Consumers tucking into sun-dried tomatoes at a picnic during the summer’s heatwave probably gave little thought as to how that food went from farm to fork.
But those in the food industry know only too well that processors, manufacturers and wholesalers supplying supermarkets and restaurants are facing heightened pressures from volatile food prices.
The CGA/Prestige Purchasing Foodservice Price Index (FPI), which uses price data between suppliers, caterers and wholesalers across several food categories, displayed a decrease of 1.7% from June 2018, although year on year inflation still stands at 3.2%.
In August it reported that between February and June this year fish prices had risen by almost 40% before dropping 7.6% month on month. Uncertainty over future fishing quotas after the UK leaves the EU, a tuna ban and other recommended quota reductions will add further pressure on this category in the future.
Similar double-digit price hikes have been seen in other categories such as lamb, butter and bananas. Trade wars, adverse growing conditions and new or higher tariffs are believed to have contributed to a record 38% year-on-year inflation in oil and fats in July.
Feeling the heat
Meanwhile, the long, hot summer of 2018 saw fruit production soar in some parts of the EU, although the English Apples & Pears trade body is anticipating a reduced-size harvest due to the hot weather and has requested smaller specifications from supermarkets. The fine summer also boosted demand in soft fruits, which ripened faster but left farmers struggling to keep up with demand as they grappled with labour shortages, and some fruits were left to rot in the fields. Overall, fruit prices fell by 2.6% month on month but inflation stands at 12.2% year on year.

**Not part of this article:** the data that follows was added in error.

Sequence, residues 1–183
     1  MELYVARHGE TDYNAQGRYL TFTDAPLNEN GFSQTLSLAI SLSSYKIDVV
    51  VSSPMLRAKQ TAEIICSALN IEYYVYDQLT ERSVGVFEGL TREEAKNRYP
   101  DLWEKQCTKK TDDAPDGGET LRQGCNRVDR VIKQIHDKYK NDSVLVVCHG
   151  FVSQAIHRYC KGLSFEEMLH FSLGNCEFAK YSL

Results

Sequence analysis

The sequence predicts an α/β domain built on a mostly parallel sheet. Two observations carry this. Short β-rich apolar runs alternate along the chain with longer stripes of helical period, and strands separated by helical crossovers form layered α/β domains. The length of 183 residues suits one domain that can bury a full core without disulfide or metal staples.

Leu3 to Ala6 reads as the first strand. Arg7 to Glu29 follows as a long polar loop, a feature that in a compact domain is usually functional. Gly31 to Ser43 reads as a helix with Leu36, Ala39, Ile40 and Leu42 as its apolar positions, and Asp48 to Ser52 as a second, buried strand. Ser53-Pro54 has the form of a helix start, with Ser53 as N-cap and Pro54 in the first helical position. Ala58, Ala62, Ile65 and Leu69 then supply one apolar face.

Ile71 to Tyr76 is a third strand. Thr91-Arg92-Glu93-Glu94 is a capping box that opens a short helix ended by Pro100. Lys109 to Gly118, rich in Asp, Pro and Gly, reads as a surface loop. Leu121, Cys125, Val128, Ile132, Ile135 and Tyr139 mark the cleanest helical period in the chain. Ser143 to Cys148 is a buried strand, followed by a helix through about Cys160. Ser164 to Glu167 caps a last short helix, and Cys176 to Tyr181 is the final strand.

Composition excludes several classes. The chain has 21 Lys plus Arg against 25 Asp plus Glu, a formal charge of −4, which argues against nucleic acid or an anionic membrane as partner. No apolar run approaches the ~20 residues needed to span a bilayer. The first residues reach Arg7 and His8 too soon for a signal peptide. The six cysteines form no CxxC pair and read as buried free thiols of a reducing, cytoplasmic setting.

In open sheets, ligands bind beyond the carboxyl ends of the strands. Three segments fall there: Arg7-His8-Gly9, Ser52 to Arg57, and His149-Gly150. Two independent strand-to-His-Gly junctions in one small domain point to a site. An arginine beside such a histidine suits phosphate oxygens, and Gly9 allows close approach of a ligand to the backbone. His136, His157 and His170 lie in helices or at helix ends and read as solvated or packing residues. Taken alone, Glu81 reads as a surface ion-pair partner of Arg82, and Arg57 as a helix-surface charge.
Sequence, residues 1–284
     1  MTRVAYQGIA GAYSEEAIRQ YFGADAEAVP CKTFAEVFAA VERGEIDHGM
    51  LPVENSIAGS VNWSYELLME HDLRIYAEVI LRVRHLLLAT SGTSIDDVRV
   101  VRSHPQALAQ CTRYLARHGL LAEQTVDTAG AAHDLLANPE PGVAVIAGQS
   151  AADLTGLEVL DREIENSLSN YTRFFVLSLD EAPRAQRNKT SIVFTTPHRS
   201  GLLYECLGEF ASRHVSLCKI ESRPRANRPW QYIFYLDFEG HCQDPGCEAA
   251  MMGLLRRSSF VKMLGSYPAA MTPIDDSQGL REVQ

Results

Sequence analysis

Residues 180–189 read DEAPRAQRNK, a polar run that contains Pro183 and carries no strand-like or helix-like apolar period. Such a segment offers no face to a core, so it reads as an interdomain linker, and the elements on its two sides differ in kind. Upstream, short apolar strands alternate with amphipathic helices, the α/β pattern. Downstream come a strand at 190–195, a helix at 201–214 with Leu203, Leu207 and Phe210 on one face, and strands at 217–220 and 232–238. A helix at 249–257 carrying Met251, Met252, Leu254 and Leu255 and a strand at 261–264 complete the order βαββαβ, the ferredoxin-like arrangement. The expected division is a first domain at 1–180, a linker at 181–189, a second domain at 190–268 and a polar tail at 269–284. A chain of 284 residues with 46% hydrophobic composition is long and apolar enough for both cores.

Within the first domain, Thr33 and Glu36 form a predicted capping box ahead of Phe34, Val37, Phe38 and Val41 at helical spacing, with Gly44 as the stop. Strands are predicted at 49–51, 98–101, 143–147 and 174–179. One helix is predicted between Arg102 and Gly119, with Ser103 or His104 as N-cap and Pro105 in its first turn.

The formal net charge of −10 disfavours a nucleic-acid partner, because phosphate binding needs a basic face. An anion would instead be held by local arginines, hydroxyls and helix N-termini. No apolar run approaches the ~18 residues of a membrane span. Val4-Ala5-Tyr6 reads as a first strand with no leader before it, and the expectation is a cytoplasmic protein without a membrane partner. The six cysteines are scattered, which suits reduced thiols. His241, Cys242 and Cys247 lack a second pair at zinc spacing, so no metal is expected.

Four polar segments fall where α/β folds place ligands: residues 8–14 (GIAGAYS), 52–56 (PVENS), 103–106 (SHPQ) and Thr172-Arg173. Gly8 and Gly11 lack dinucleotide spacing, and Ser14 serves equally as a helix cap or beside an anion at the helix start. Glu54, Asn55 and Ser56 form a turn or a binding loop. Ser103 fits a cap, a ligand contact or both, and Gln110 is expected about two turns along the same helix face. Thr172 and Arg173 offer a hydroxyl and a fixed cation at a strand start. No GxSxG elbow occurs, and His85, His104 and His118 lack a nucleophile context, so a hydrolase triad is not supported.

“Up to the Brexit vote in 2016, we had an extended period of very low food inflation,” explains David Read, chairman of Prestige Purchasing. “However, the plunge in sterling, along with rising commodity prices, has changed that picture. Around 40% of all we eat and drink in the UK is imported and food inflation rose steadily to peak at 9% last August 2017.”
This reduced to just 2% at the start of the year as markets settled post- Brexit but is now increasing again.
“We’re seeing trade and tariff wars putting more pressure on commodity prices and extreme weather hitting crop production,” says David.
“A rising wheat price affects bread and animal feed, resulting in higher dairy and meat prices. A labour shortage is also being seen in fruit harvests this year, and if overseas workers continue not coming to the UK, we’ll see fruit prices rise higher. Sugar may also see an increase with new taxes.”
Adjusting the supply chain
David points to the August Consumer Prices Index (CPI) inflation figure of 2.4% to highlight further pressure on processors and manufacturers. “Supermarket and retailers are deferring some of the price rises back up the supply chain.”
He explains that those suppliers have, to date, been nervous about changing strategy. “Supply chains don’t like change, and businesses have been waiting to see what Brexit brings.